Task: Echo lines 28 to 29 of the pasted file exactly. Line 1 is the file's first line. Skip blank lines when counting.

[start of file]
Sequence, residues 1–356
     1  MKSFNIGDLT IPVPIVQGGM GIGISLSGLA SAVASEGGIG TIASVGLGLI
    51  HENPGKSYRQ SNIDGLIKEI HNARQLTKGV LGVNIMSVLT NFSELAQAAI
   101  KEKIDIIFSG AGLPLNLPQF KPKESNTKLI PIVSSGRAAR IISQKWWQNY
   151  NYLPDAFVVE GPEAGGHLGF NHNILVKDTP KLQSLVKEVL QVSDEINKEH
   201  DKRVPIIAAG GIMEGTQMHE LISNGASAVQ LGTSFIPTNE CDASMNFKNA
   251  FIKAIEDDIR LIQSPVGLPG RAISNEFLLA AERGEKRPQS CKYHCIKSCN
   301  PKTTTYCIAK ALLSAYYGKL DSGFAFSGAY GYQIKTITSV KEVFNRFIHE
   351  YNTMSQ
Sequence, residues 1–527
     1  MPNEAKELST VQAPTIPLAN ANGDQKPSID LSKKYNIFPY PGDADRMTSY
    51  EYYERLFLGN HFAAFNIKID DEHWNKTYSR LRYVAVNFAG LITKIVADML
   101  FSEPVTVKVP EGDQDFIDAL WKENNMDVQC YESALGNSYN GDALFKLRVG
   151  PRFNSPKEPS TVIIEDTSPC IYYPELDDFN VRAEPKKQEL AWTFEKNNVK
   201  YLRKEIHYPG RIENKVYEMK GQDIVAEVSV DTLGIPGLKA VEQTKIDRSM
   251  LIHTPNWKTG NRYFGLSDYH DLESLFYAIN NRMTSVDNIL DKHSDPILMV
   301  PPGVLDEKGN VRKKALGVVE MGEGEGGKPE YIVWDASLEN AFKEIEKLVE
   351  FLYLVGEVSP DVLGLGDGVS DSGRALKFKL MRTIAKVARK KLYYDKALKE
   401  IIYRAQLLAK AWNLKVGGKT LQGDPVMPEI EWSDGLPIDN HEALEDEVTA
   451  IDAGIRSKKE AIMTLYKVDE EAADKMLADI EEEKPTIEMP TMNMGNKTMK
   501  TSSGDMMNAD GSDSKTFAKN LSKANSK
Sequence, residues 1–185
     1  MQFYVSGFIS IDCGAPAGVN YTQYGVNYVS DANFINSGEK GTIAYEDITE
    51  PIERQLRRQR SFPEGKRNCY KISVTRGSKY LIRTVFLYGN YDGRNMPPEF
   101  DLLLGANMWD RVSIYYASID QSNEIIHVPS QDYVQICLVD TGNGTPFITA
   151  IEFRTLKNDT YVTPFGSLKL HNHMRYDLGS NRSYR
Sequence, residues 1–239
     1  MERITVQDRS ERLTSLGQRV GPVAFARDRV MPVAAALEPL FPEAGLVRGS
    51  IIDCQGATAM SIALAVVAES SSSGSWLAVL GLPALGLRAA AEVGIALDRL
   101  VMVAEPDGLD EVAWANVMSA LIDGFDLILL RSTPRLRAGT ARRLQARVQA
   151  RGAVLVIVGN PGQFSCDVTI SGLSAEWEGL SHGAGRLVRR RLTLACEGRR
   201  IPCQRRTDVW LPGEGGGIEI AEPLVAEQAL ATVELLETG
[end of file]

     1  MERITVQDRS ERLTSLGQRV GPVAFARDRV MPVAAALEPL FPEAGLVRGS
    51  IIDCQGATAM SIALAVVAES SSSGSWLAVL GLPALGLRAA AEVGIALDRL